The LGA, which took on responsibility for public health under the recent NHS shake-up, says workout prescriptions would encourage people to be more active, lose weight and keep fit.
Spokeswoman Izzi Seccombe said: “There are some instances where rather than prescribing a pill, advising on some type of moderate physical activity outdoors could be far more beneficial to the patient.
“There are already some good examples where this is being piloted in the UK and it is something we should consider on a nationwide basis.”
The Royal College of General Practitioners told any decision to invest in social prescribing schemes, and roll them out more widely, must not be an alternative to investing in general practice services.
Spokesman Dr Steve Mowle told: “Social prescribing strategies can definitely be beneficial to a patient’s overall health and wellbeing – as some pilots have shown – but to be effective, there needs to be better integration between health and community services, so that GPs and our squads can signpost our patients most appropriately.”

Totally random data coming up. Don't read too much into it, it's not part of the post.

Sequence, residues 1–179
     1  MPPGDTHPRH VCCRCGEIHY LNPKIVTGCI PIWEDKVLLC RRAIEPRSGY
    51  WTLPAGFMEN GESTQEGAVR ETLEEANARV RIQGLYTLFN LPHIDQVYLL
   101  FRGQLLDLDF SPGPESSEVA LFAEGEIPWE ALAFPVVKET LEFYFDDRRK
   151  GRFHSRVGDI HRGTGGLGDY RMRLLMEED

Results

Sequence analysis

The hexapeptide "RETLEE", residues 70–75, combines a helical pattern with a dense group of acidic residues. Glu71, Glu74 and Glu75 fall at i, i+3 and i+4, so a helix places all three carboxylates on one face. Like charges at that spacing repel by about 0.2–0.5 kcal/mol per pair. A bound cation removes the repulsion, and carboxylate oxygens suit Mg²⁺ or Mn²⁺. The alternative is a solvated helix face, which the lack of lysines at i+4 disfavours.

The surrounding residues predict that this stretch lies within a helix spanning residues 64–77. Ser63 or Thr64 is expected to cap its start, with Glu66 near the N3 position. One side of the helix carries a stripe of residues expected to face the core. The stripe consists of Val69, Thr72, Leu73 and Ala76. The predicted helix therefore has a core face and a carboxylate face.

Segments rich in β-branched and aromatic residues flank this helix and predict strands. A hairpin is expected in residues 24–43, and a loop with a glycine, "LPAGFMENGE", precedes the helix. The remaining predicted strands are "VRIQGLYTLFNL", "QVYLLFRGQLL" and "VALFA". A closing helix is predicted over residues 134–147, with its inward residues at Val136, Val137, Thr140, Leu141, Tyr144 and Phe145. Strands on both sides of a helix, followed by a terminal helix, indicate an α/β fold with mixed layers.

One in four women and one in five men in England do less than 30 minutes of moderate physical activity per week – way below the recommended amount of 150 minutes per week.
Physical activity can help to prevent and manage over 20 chronic conditions and illness, including some cancers, heart disease, kind 2 diabetes and depression.
People who do regular physical activity have 😛 TAGEND up to a 35% lower risk of coronary heart disease and stroke up to a 50% lower hazard of form 2 diabetes up to a 50% lower risk of colon cancer up to a 20% lower risk of breast cancer a 30% lower risk of early death up to an 83% lower hazard of osteoarthritis up to a 68% lower risk of hip fracture a 30% lower risk of falls( among older adults) up to a 30% lower risk of depression up to a 30% lower danger of dementia